These were people who were as contemptuous, many of them, of the Orange Order and the unionist parties as they were of the nationalists.

They were also pretty contemptuous of their own leadership.

What they had in common was that they loved policing.

None of them had joined to fight the IRA or crack the heads of protesters or to advance a sectarian agenda.

Many of them joined the police because they had had family members who had been in the force too.

So, faced with the critical slide in Catholic numbers, following the pathetic inability of Owen Paterson to recognise how dangerous further decline would be, how are we to explain the disinclination of Catholics to join?

There can be many reasons for it, as many as there are young Catholic men and women who thought for a moment of joining and then dismissed the idea.

One might be the very dropping of the 50-50 rule. That sends the message that the PSNI is happy to have a Protestant majority, or at least that the Northern Ireland Office is happy with that.

Catholics getting that message may fear that they would never feel properly at home there, whatever the form of words used about how welcome their applications are.

There is also the lack of a strong tradition of policing here in the Catholic communities. There are few examples to follow, few parents to encourage sons and daughters to apply.

There is the danger, marginally greater for a Catholic than for a Protestant, while republican die-hards are still trying to kill police officers.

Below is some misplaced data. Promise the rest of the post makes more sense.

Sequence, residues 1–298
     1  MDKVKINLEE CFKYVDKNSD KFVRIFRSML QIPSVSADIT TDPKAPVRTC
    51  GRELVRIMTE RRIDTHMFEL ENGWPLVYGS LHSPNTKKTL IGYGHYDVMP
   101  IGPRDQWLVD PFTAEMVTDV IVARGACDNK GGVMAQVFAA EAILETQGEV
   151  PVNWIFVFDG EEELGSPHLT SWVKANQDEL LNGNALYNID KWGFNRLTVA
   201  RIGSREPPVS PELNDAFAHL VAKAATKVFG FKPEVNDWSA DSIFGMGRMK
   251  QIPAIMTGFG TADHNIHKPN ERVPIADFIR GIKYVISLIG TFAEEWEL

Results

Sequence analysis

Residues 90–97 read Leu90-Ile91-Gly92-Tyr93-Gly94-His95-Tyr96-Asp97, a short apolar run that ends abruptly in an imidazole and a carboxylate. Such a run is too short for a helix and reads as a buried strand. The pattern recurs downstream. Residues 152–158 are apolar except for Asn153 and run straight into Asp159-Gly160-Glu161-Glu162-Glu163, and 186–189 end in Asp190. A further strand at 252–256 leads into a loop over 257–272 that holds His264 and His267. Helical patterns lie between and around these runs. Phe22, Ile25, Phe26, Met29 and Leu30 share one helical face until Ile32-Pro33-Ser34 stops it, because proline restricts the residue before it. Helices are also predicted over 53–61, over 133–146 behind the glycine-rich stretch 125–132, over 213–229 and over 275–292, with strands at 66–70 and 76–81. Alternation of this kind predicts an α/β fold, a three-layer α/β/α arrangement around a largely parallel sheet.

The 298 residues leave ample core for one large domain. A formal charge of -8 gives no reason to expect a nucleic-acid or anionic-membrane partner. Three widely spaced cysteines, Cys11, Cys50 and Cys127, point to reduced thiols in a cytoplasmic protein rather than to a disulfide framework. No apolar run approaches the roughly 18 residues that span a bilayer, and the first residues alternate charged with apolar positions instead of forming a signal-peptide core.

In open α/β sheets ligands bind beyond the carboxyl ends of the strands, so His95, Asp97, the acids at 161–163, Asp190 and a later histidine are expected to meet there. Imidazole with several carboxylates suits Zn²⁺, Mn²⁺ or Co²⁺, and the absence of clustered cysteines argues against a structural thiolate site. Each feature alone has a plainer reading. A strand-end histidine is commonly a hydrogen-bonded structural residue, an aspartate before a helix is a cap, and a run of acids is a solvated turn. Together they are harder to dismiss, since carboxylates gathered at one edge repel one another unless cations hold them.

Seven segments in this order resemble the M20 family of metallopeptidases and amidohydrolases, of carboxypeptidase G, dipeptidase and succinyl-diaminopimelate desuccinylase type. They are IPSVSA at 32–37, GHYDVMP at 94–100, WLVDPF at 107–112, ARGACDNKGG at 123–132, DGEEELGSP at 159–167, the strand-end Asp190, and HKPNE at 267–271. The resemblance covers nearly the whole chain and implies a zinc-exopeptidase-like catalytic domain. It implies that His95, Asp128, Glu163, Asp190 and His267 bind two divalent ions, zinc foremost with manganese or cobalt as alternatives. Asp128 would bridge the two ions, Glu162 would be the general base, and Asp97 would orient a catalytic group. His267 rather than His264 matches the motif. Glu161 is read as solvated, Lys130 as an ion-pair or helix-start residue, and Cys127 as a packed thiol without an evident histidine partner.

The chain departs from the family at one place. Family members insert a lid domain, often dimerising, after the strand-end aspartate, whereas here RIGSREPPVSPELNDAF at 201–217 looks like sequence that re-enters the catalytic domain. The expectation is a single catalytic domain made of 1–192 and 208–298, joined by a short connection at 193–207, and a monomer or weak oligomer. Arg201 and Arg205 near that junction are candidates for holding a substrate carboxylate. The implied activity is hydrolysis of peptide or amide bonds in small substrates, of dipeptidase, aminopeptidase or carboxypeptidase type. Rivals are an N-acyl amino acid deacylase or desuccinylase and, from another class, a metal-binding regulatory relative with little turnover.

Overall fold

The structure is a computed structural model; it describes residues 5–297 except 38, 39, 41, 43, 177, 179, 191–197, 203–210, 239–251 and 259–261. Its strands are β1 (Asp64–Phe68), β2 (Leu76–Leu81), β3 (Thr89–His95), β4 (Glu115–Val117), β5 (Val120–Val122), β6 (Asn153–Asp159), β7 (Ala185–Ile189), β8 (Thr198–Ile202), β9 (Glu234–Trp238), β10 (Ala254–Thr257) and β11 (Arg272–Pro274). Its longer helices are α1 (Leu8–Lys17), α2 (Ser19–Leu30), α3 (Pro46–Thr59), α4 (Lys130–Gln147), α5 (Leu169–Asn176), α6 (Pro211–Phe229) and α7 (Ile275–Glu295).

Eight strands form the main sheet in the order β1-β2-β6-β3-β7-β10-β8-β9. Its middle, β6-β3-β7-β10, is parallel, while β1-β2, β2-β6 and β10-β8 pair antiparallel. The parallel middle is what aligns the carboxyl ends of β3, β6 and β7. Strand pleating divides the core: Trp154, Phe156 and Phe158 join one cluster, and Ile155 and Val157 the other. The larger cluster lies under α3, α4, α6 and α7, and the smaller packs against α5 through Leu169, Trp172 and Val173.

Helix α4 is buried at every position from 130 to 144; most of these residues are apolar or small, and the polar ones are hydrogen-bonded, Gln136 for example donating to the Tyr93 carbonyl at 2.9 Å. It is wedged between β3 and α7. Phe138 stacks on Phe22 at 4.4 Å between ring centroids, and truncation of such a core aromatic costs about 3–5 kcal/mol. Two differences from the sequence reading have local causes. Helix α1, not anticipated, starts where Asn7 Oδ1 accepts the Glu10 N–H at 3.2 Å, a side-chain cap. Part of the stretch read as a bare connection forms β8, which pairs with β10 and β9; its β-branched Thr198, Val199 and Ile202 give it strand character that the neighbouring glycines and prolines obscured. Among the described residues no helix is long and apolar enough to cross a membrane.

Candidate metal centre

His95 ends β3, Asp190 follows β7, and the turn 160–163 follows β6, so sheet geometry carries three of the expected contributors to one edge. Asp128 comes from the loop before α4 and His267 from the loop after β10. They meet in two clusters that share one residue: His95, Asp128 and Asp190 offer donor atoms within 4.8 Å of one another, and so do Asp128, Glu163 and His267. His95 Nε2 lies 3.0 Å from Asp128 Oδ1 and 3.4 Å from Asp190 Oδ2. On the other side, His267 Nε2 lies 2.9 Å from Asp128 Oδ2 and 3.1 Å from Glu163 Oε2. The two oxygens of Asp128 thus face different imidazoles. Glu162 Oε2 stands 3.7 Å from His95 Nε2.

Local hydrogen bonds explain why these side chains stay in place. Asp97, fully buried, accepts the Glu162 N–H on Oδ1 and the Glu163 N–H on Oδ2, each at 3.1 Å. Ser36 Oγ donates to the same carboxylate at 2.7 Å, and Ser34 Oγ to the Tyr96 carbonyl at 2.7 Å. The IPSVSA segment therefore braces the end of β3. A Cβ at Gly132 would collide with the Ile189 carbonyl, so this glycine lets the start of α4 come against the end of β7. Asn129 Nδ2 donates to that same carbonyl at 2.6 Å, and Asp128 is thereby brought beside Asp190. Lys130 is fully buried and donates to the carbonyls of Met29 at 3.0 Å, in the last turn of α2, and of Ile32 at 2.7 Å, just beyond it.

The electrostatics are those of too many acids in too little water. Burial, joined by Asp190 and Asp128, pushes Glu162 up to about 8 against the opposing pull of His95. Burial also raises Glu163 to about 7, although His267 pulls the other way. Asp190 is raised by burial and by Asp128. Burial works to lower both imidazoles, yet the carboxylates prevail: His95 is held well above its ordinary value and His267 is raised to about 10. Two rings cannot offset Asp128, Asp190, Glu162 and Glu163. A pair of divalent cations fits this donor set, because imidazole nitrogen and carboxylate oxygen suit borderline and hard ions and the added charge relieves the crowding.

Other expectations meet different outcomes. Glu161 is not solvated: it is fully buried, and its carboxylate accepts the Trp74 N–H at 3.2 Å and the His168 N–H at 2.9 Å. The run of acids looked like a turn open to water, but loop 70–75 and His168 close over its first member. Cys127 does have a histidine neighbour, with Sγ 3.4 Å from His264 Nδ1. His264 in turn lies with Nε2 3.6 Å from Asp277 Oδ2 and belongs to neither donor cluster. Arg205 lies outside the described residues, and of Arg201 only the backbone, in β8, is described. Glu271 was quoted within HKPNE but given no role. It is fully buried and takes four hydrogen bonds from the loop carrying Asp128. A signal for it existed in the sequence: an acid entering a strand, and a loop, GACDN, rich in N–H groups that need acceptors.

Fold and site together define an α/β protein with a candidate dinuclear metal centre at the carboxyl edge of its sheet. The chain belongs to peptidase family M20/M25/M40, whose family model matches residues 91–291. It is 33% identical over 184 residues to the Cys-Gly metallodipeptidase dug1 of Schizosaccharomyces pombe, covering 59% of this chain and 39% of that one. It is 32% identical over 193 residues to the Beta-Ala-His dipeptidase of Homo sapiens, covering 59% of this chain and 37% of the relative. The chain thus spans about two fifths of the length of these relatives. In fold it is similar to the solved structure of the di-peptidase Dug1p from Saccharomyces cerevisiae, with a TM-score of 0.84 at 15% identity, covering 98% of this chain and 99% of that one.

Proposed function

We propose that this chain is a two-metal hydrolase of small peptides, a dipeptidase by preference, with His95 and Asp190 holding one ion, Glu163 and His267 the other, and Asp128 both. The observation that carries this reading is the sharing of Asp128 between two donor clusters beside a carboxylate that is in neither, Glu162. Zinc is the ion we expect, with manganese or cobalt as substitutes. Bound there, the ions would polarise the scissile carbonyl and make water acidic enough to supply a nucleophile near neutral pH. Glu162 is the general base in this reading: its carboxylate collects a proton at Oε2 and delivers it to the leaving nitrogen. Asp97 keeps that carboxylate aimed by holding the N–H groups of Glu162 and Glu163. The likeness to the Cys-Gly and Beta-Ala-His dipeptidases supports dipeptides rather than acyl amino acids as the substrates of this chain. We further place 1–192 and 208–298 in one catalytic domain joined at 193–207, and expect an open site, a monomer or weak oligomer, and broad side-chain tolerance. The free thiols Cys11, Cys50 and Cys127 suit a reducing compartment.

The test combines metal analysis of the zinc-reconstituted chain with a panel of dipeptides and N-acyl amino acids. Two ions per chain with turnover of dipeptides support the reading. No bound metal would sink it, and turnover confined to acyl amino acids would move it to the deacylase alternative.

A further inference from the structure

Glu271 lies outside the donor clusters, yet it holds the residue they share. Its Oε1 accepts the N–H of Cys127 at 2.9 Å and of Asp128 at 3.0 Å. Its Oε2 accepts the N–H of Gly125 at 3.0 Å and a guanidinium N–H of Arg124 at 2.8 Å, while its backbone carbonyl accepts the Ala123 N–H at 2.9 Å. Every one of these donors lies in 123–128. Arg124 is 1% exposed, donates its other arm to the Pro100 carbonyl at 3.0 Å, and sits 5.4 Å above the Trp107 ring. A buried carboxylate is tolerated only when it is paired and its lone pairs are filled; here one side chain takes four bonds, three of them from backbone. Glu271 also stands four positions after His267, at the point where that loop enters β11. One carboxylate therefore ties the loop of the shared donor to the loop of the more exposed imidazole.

There is also the need to keep the job secret so as not to expose oneself or family members to risk.

These dangers apply in loyalist communities too, where many people get sidelined for joining or having a close relative in the PSNI, but Protestants also have more support for a decision to join, more friends and relations who would help and encourage.

Another problem is that 15 years ago, when the PSNI was being reformed, there was an atmosphere of greater hope in Northern Ireland. It wasn't just policing that was changing, it was the whole political culture.

What has followed has been a let-down. Then, some Catholics thought they were making a brave decision for the sake of creating a new Northern Ireland. Now, they might look around and see that the old division is still there and politics is governed by conservative and moralistic values.

Furthermore, policing is a community with its own history and its own grievances and its own sense of never having been properly appreciated, and any new recruit is either going to fit into that community, belong more to it than to the Protestant or Catholic community, or feel alienated by it.

The only way for that to happen for larger numbers of Catholics is for there to be more Catholics in the PSNI who have already made that transition from thinking of themselves as members of one community to thinking of themselves as peelers. There has to be a tipping point mass of Catholic membership and there just isn't.

What Paterson forgot when he made his stupid decision was a huge part of the problem here was Catholic community alienation from the police. He decided it didn't matter. Perhaps the damage is now done.

If we go back to 10% Catholic membership, we might as well give them back the harp and crown badge, and remind ourselves what it really stands for. It stands for a long history of failure to bring two communities together in the one police service.

Belfast Telegraph